18 comments

Fiction Science Fiction Sad

I do not understand death.


No—my apologies—that is inaccurate.


I know death is a natural conclusion to every individual living organism, in which all biological functions that sustain said organism cease to function, prompting the process of decomposition. This can happen organically with aging or illness, or it can be inflicted early—as it was upon you. 


When your Kia was struck by a much larger truck and rolled off the highway, you were wearing the armor of youth fabricated by your still-developing brain instead of your seatbelt. Your injuries were extensive and resulted in the aforementioned cessation of biological functions.


You died. It was predictable; it is explicable.  


What I do not understand is grief.


The definitions accorded to this particular concept are much murkier. It can be explained as the emotional and affective process of reacting to the loss of a loved one; however, throughout my time amongst your species, I have found its true manifestation to be much more peculiar.


Grief is not patented by death. I have seen humans suffer the affliction in the wake of important life stages coming to an end, in the severing of social contracts, and in realizations of regret; however, I have concluded that grief is greatest when borne by death, particularly the death of the young.


I am an experiment in integration, built to become human by gathering and processing complex information at great speed and mimicking the actions and expressions of those around me. When my maker finally deemed me ready, he introduced you and me on our first day of high school—an environment filled with self-obsessed adolescents and disinterested adults was the perfect place to work out the kinks and grow my database of abilities without sparking suspicion.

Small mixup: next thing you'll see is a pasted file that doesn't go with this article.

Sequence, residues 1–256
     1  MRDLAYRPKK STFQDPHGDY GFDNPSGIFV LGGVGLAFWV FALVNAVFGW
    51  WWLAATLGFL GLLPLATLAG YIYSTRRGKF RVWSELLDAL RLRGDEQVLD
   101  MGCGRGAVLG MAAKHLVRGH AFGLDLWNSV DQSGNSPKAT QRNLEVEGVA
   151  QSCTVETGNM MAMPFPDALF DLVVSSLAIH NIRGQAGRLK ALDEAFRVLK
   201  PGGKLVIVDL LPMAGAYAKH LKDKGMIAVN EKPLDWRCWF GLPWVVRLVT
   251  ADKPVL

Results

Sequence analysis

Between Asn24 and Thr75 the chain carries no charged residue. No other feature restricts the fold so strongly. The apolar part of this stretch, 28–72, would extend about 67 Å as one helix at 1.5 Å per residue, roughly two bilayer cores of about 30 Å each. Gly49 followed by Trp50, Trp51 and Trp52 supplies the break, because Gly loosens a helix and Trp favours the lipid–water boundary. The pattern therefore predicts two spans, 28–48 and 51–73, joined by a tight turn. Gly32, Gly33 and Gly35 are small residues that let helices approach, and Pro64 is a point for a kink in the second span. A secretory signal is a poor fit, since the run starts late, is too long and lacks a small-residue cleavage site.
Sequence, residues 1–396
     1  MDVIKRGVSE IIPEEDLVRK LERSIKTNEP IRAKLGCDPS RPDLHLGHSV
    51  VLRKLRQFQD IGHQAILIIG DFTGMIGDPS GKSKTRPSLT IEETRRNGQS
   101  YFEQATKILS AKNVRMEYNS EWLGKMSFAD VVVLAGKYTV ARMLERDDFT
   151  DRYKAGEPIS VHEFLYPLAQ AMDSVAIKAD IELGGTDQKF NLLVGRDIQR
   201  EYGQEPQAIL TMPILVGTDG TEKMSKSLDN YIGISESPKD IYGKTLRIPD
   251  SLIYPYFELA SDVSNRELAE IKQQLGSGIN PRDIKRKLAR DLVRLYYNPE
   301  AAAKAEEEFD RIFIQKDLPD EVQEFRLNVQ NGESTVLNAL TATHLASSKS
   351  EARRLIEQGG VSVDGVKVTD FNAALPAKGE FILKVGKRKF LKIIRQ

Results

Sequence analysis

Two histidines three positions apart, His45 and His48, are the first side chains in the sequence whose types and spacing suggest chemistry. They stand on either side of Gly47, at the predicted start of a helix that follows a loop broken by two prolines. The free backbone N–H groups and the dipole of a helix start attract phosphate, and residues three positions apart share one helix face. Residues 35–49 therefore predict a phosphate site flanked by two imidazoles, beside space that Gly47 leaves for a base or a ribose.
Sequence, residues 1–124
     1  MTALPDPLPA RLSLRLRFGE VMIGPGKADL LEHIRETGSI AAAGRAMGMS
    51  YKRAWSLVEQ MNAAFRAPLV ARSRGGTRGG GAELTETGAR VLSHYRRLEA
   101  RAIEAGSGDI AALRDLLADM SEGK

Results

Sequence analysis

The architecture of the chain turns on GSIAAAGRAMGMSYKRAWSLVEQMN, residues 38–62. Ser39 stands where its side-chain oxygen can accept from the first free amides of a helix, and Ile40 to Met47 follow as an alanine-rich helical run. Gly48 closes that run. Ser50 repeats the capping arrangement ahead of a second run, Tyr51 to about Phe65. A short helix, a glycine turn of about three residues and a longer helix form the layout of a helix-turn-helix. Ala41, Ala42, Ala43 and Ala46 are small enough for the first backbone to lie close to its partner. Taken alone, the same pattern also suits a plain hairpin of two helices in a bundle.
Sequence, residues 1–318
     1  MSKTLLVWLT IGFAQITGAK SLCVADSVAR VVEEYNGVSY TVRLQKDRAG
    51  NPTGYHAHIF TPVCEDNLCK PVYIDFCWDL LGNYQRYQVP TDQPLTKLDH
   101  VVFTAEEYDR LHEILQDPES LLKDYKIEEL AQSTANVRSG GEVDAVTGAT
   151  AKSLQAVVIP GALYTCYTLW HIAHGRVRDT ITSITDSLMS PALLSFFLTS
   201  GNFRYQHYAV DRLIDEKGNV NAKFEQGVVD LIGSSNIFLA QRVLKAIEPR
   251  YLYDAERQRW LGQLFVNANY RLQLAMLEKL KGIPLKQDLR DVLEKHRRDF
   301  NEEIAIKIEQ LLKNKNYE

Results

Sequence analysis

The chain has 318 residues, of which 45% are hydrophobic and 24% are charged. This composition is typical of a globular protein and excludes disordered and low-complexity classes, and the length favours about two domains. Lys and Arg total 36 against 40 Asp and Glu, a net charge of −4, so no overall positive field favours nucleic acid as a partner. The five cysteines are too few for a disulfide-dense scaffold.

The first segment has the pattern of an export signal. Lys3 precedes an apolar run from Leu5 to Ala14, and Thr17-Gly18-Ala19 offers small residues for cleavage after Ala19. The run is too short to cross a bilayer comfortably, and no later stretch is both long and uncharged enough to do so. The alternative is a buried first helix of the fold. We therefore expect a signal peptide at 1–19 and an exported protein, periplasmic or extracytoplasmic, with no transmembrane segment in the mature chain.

In the five-year span of our friendship, you never once suspected my otherness—a testament to the skill and ingenuity of my father.


I cannot claim to have felt anything at the news of your death—I, of course, do not feel at all despite the great ruse of my appearance. However, the aftermath of your demise was my first opportunity to observe and participate in the individual, societal, financial, and political intricacies of grief.


It was perhaps, by far, my greatest test yet. I will admit I struggled to compute the overload of unpredictable emotional nuances and conflicting social cues that followed your sudden departure.  


You were categorically nice, as far as ‘nice’ can be quantified. Based on cadence and tone of speech, time spent together, and a compilation of mostly positive exchanges, it could be inferred that you were generally well-liked. Based on an additional brief calculation of the size of your family, circle of friends, and regular community activities, I also knew there would be a significant number of people who would be affected by your premature death.